Social economic costs, quality of life and experience in multiple sclerosis patients and their caregivers: the IMPrESS (International MultiPlE SclerosiS) survey
Author(s): ,
M Tinelli
Affiliations:
London School of Economics, London, United Kingdom
,
P Kanavos
Affiliations:
London School of Economics, London, United Kingdom
J Mossman
Affiliations:
European Brain Council, Brussels, Belgium
ECTRIMS Online Library. Tinelli M. Sep 15, 2016; 146212; P372
Michela Tinelli
Michela Tinelli
Contributions
Abstract

Abstract: P372

Type: Poster

Abstract Category: Clinical aspects of MS - Economic burden

Background: Multiple-sclerosis (MS) is the most common cause of disability among central-nervous-system (CNS) diseases. The available data provide limited information on the impact and burden of MS as experienced by people living with MS (PwMS)/caregivers. If decisions on MS management and treatment availability are to reflect patient needs, international evidence to capture the full picture of the multiple domains of MS burden is needed.

Objectives: To assess and compare the costs, health-related-quality-of-life (HRQoL), and experience reported by people living with MS/caregivers across international settings.

Methods: Information from patients/caregivers will be collected through an anonymous online survey. Participation is open to adult MS/caregivers. The study will be available in fifteen countries in Europe and overseas. Individuals will be enrolled through MS-societies and clinics. The survey will capture data on direct and indirect costs, patients" and caregivers" HRQoL (EuroQol-5D), patients" disability (Barthel-Index), burden among caregivers (Zarit-Burden-Interview), participants" experience, as well as demographic variables, and disease information. The societal, HRQoL and economic impact of MS management will be evaluated across countries.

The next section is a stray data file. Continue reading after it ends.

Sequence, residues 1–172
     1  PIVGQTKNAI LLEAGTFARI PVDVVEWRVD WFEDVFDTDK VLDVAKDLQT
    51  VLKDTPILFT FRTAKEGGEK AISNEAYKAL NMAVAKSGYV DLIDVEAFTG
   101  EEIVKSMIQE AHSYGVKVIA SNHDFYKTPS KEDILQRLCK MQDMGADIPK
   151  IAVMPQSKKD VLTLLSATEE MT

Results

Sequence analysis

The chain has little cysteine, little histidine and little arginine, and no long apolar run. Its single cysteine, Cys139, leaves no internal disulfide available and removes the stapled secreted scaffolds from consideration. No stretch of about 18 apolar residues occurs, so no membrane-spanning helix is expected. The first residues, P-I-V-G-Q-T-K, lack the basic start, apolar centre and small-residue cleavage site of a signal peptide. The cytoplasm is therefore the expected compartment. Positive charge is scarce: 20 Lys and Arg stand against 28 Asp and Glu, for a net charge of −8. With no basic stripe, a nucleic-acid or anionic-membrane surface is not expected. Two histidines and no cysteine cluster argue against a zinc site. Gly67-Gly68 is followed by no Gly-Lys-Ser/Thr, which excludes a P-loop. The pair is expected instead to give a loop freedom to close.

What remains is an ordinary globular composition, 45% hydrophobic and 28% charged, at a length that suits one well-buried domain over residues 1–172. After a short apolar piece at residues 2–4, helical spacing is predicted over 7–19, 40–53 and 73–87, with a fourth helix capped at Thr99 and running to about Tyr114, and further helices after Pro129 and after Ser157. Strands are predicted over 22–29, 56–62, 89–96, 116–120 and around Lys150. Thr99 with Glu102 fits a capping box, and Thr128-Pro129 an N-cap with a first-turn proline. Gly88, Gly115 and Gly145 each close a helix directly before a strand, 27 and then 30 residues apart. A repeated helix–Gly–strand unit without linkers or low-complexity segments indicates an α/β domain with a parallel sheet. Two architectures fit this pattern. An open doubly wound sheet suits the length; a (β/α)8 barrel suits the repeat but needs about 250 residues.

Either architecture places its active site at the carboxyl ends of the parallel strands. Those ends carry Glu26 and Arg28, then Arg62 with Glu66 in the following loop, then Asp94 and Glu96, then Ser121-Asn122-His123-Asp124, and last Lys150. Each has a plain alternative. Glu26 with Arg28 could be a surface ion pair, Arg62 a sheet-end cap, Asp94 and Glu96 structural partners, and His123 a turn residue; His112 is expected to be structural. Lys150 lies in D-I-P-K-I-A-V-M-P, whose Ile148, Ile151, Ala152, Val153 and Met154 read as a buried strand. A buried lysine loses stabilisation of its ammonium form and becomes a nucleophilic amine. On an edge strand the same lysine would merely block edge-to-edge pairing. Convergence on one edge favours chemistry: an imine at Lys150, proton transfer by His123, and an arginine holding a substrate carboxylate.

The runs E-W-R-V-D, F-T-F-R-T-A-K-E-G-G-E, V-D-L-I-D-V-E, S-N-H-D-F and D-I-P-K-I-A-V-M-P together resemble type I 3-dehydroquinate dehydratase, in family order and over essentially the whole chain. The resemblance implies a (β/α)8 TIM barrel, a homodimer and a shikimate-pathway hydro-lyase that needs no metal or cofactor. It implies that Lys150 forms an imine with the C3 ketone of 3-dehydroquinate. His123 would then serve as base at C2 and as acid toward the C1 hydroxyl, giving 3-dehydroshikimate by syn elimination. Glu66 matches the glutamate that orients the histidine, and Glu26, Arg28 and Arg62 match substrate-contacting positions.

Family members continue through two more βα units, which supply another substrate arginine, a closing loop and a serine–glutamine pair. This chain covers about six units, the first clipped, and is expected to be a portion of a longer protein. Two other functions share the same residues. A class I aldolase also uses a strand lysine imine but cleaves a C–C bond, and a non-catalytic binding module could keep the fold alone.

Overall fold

Results: PWMS already replied from France (n=97), USA (n=70), Romania (n=44), UK (n=25) and Germany (n=10). Total average annual PWMS costs were €40,313; €20,631 were associated with direct medical costs (medicines, consultations, hospitalisations), followed by indirect costs (loos of productivity, €16,061) and direct non-medical costs (caregiver costs, €2,127). The proportion of indirect costs became more significant as the level of disability increased. The average utility value reported was 0.60 (60% of perfect health), with a loss of 25% compared with the general population. Cost and utilities varied across healthcare systems and types of MS. 22% (12/54) of the responses already available from the caregivers were suitable for preliminary analysis. Caregiver costs related to productivity losses (€31,000) were about double the cost reported by PWMS, whereas they reported better utility compared with PWMS (70% vs. 60% of perfect health). Both PWMS/caregivers reported a mild level of discomfort/disability. Their experience of MS care varied across healthcare systems.

Conclusion: Results will identify the impact of MS as experienced by PwMS/caregivers and may be used to inform the development of future services.

Disclosure: The project was funded by an unrestricted educational grant from Roche.

Dr Michela Tinelli is assistant professorial research fellow, London School of Economics (LSE) and associate researcher LSE Consulting.

Dr Panos Kanavos is Reader in International Health Policy in the Department of Social Policy, LSE and Programme Director of the Medical Technology Research Group (MTRG) at LSE Health.

MS Jean Mossman is a healthcare consultant with an honorary role at the LSE, a volunteer with the European Brain Council, and working with patient organisations; she currently consults for the following pharma companies: Bayer, Celgene, Novartis and Roche in relation to patient priorities in a number of disease areas.

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